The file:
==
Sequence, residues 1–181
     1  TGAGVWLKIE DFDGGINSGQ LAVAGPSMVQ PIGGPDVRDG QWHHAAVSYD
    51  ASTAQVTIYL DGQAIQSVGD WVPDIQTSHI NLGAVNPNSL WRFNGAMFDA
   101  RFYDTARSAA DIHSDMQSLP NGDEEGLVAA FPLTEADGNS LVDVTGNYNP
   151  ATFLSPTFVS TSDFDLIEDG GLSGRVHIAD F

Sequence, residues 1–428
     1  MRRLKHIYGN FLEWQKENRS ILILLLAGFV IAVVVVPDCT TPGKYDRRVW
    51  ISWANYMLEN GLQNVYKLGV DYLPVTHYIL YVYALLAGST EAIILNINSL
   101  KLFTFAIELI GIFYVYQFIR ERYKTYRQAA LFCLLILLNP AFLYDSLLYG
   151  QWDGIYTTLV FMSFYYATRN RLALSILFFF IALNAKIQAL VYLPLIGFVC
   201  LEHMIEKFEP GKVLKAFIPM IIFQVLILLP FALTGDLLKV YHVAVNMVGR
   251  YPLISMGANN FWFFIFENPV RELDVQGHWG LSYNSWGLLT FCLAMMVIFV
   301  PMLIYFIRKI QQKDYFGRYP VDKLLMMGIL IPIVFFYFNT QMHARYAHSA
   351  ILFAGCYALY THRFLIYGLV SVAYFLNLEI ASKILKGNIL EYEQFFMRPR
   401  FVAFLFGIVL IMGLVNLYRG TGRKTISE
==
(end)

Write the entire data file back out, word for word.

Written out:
Sequence, residues 1–181
     1  TGAGVWLKIE DFDGGINSGQ LAVAGPSMVQ PIGGPDVRDG QWHHAAVSYD
    51  ASTAQVTIYL DGQAIQSVGD WVPDIQTSHI NLGAVNPNSL WRFNGAMFDA
   101  RFYDTARSAA DIHSDMQSLP NGDEEGLVAA FPLTEADGNS LVDVTGNYNP
   151  ATFLSPTFVS TSDFDLIEDG GLSGRVHIAD F

Sequence, residues 1–428
     1  MRRLKHIYGN FLEWQKENRS ILILLLAGFV IAVVVVPDCT TPGKYDRRVW
    51  ISWANYMLEN GLQNVYKLGV DYLPVTHYIL YVYALLAGST EAIILNINSL
   101  KLFTFAIELI GIFYVYQFIR ERYKTYRQAA LFCLLILLNP AFLYDSLLYG
   151  QWDGIYTTLV FMSFYYATRN RLALSILFFF IALNAKIQAL VYLPLIGFVC
   201  LEHMIEKFEP GKVLKAFIPM IIFQVLILLP FALTGDLLKV YHVAVNMVGR
   251  YPLISMGANN FWFFIFENPV RELDVQGHWG LSYNSWGLLT FCLAMMVIFV
   301  PMLIYFIRKI QQKDYFGRYP VDKLLMMGIL IPIVFFYFNT QMHARYAHSA
   351  ILFAGCYALY THRFLIYGLV SVAYFLNLEI ASKILKGNIL EYEQFFMRPR
   401  FVAFLFGIVL IMGLVNLYRG TGRKTISE